Thousands of supporters of imprisoned Russian opposition leader Alexei Navalny crowded into central Moscow on Wednesday in nationwide demonstrations calling for his freedom as UN experts warned that the Kremlin critic’s life was in “serious danger”.

More than 400 people were arrested across the country in connection with the protests, according to a human rights group. Dozens were detained before the protests even began, including two top Navalny associates in Moscow.

Supporters of President Vladimir Putin’s most outspoken opponent fear he could die soon and are demanding he be given proper medical care.

Officials say he has been treated as any other convict would be, and have warned that Wednesday’s rallies are illegal.

Thousands of Navalny supporters took to the streets of the capital, Moscow [Shamil Zhumatov/Reuters]

Navalny’s team called the unsanctioned demonstrations after reports that his health is deteriorating while on hunger strike, which he began March 31.

“The situation with Alexei is indeed critical, and so we moved up the day of the mass protests,” Vladimir Ashurkov, a close Navalny ally and executive director of the Foundation for Fighting Corruption, told The Associated Press news agency.

“Alexei’s health has sharply deteriorated, and he is in a rather critical condition. Doctors are saying that judging by his test (results), he should be admitted into intensive care.”

UN human rights experts on Wednesday called on Russia to allow jailed Kremlin critic Alexei Navalny to be medically evacuated abroad, saying they feared his life was in “serious danger”.

Navalny has been kept in harsh conditions in a high-security penal colony and “denied access to adequate medical care”, conditions that may amountin Saint Petersburg, Russia April 21, 2021 to torture, they said in a statement.

“We urge the Russian authorities to ensure Mr. Navalny has access to his own doctors and to allow him to be evacuated for urgent medical treatment abroad, as they did in August 2020,” said the UN experts, who include those with mandates on torture and on the right to freedom of opinion.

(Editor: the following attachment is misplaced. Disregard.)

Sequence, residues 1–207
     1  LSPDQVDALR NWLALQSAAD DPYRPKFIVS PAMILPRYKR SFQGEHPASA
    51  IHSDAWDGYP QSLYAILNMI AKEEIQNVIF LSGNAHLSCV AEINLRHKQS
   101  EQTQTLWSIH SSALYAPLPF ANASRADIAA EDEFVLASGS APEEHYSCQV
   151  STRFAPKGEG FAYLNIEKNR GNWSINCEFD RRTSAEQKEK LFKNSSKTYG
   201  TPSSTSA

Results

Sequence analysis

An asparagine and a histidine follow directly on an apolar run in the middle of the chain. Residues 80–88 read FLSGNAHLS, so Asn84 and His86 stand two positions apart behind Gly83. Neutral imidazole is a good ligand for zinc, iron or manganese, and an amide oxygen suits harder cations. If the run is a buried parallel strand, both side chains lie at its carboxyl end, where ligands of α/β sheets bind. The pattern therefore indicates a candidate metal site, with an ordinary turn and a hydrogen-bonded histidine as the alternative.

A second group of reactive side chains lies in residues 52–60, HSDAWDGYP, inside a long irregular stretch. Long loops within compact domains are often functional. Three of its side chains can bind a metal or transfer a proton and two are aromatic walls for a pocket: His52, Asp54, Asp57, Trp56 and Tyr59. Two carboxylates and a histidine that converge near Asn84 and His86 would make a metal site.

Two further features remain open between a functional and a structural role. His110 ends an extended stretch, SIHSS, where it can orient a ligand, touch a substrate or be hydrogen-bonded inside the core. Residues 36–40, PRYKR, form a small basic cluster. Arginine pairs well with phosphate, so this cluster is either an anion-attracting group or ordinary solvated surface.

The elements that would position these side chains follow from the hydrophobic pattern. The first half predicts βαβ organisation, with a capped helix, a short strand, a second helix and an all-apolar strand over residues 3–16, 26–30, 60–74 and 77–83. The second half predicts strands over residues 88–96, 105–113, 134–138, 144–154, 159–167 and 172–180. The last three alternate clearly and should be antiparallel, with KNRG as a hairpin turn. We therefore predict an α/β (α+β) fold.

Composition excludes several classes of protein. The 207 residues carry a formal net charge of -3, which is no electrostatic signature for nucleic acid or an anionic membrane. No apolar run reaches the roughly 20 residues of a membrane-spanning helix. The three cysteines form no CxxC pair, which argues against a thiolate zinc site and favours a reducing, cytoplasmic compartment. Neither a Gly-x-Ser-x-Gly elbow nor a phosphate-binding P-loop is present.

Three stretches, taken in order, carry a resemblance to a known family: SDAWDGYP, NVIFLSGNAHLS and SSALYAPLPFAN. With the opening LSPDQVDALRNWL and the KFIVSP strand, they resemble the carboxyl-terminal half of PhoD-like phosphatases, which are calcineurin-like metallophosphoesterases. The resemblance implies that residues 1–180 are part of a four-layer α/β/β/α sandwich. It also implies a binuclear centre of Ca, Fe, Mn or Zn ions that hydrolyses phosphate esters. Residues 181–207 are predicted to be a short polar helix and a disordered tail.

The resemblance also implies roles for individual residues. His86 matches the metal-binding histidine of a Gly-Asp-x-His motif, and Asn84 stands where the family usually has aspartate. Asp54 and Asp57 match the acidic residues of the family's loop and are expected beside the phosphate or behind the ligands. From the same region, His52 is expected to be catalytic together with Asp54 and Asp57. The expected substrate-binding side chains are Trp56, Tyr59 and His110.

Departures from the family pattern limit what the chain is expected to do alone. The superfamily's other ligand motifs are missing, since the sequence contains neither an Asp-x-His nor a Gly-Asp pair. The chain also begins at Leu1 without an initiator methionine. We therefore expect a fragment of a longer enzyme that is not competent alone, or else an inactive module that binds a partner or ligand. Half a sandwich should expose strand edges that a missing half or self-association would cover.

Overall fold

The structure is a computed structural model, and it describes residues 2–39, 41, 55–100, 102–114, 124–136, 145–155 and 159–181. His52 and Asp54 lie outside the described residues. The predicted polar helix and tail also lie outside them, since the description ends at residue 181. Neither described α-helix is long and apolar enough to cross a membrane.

Navalny’s organisation called for the Moscow protesters to assemble on Manezh Square, just outside the Kremlin walls, but police blocked them off.

Instead, a large crowd gathered at the nearby Russian State Library and another lined Tverskaya Street, a main avenue that leads to the square.

In St. Petersburg, police blocked off Palace Square, the vast space outside the Hermitage museum and protesters instead crowded along nearby Nevsky Prospekt.

The OVD-Info group, which monitors protests and detentions, reported 413 arrests in 60 cities.

Police block the street during a protest in support of jailed opposition leader Alexei Navalny in St. Petersburg [Dmitri Lovetsky/AP Photo]

Navalny’s spokeswoman Kira Yarmysh and close ally Lyubov Sobol were detained near their homes in Moscow hours before a rally in the Russian capital was set to converge on a square near the Kremlin.

Meanwhile, in Russia’s Far East, around 200-300 people came out to support Navalny in the city of Vladivostok, some of them toting banners saying “Freedom for political prisoners” and “No war, repressions and torture!”

“Everyone realises the current authorities have nothing new to propose for the country. We need a new generation of politicians. I see Navalny as one of them,” Ilya, a 19-year-old student was quoted as saying by Reuters news agency.

Protesters there relocated to a square by the train station as an array of police vans had been brought into the central square where they had planned to gather.

 

European Council President Charles Michel said it was “deplorable” that Navalny’s closest allies had been taken into custody ahead of the protests.

Another Navalny aide, Ruslan Shaveddinov, tweeted: “Right now across the whole of Russia they are detaining potential protesters. This is repression. This cannot be accepted. We need to fight this darkness.”

The 44-year-old Navalny was arrested in January upon his return from Germany, where he had spent five months recovering from a nerve agent poisoning he blames on the Kremlin. Russian officials have rejected the accusation.

Soon after, a court found that Navalny’s long stay in Germany violated the terms of a suspended sentence he was handed for a 2014 embezzlement conviction and ordered him to serve two and a half years in prison.

Navalny began the hunger strike to protest prison officials’ refusal to let his doctors visit when he began experiencing severe back pain and a loss of feeling in his legs. The penitentiary service has said Navalny was getting all the medical help he needs.

Navalny’s physician, Dr. Yaroslav Ashikhmin, said recently that test results he received from Navalny’s family showed sharply elevated levels of potassium, which can bring on cardiac arrest, and heightened creatinine levels that indicate impaired kidneys and he “could die at any moment”.

On Sunday, he was transferred to a hospital in another prison and given a glucose drip. Prison officials rebuffed attempts by his doctors to visit him there.





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